Targeted Cancer Therapeutics

The superior efficacy of targeted therapy for cancer (the ability to
treat the tumor based upon its molecular biology) has moved
chemotherapy to a different paradigm. Chemotherapy for cancer was
synonymous with adverse reactions, nausea, vomiting, hair loss and a
host of other illnesses because these conventional drugs kill the good
cells as well as the tumor cells. By knowing the molecular biology of
the tumor and targeting the therapy directly to the different molecular
nature of the tumor, a drug can be effective against only the tumor and
not the healthy cells. One such example of molecular diagnostics and
targeted therapy for breast cancer is the test Her2Nu and the targeted
therapy Herceptin. This drug has revolutionized the treatment of
breast cancer and has been very effective, but only in the subset of
women with tumors tested to have the molecular biology susceptible to
this treatment. InterGenetics has identified a particular gene that is
now in preclinical studies as a tumor suppressor and has been linked to
a number of different types of cancers, such as lung, brain, pancreas
and breast. This biological therapy is being advanced in animal models
and when fully developed its intended use is to target pancreatic
cancer and end-stage lung disease.

Research has demonstrated that cancer is not just one particular
type of disease but rather several hundred different types of diseases
that are usually named only by the organ or tissue it initially grows
in (i.e. breast cancer, colon cancer, prostate cancer). Because cancer
can develop through multiple different molecular mechanisms, treating
all cancers with broad cell killing therapy is not as effective as
targeting the specific cause of a particular cancer. Equally important
are the unwanted side effects that are produced by non-targeted cancer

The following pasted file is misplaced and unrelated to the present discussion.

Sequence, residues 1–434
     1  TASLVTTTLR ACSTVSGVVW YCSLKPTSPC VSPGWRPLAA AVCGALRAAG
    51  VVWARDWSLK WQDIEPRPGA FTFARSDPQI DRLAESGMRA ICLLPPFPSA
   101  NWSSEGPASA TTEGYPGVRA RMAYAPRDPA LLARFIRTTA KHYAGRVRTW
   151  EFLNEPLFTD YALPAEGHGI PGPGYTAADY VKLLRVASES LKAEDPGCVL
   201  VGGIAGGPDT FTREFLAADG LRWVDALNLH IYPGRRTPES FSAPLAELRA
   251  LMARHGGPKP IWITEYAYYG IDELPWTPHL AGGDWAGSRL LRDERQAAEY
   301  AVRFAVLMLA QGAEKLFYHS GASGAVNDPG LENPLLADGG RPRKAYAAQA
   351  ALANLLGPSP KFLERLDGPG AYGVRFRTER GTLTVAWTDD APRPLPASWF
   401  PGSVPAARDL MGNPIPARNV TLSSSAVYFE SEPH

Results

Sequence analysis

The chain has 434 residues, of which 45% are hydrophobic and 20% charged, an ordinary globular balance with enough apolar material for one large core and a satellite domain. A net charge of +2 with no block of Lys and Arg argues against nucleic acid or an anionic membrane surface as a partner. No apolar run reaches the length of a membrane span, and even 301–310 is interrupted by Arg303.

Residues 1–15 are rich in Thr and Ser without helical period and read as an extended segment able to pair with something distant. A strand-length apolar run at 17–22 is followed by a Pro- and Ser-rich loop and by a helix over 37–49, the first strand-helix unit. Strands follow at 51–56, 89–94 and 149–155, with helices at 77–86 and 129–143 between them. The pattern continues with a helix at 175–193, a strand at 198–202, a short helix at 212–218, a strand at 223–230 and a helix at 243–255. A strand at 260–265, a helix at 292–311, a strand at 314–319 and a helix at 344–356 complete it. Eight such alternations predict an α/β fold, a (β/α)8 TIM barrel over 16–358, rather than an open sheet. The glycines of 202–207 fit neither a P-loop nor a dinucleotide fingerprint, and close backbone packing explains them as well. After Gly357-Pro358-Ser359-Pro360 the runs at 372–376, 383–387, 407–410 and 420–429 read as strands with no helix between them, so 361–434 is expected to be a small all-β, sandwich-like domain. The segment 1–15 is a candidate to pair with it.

therapy because in order for them to be effective they work by killing
the healthy cells as well as cancer cells. “Targeted Cancer Therapy”
refers to, first, the identification of the difference in the
mis-directed machinery of the cancer cell compared to the healthy
normal cell, and then targeting and treating the cancer based upon that
particular difference. Some very effective targeted therapeutics are
on the market for treating some forms of cancer, and they are making a
significant difference in the treatment and morbidity and mortality of
breast cancer patients.

InterGenetics has developed a class of novel cancer therapeutics in
this emerging area of targeted cancer therapy. The core technology is
based upon the discovery that injection of the patented RNA molecules
causes complete remission and cure of both primary and metastatic
tumors in a rat breast cancer model. The response rate for the therapy
is high with ~75% of treated animals being cured. Most importantly,
the majority of the cured animals (48/50) were resistant to tumor
growth when re-challenged by transfer of fresh tumor. Additionally, no
adverse side effects were evident in the cured animals. This novel RNA
therapeutic stimulates anti-tumor immunity and has the potential,
either directly or indirectly, to activate the body’s immune system to
fight cancer. We have characterized this novel RNA as a tumor
suppressor with a role in controlling cell proliferation. This work
had shown that introduction of the gene product in deficient cancer
cell lines originating from a range of different cell types caused a
reversion to normal growth. Our research demonstrates that this novel
RNA exhibits a duality with the potential to function both as a
biological therapeutic (stimulating cancer immunity) and a molecular
targeted therapeutic (replacement in defective cells) in cancer.
InterGenetics is targeting an indication for use in pancreatic cancer,
end-stage lung cancer and other cancers that are inoperable, or have no
other effective therapies available to the patient.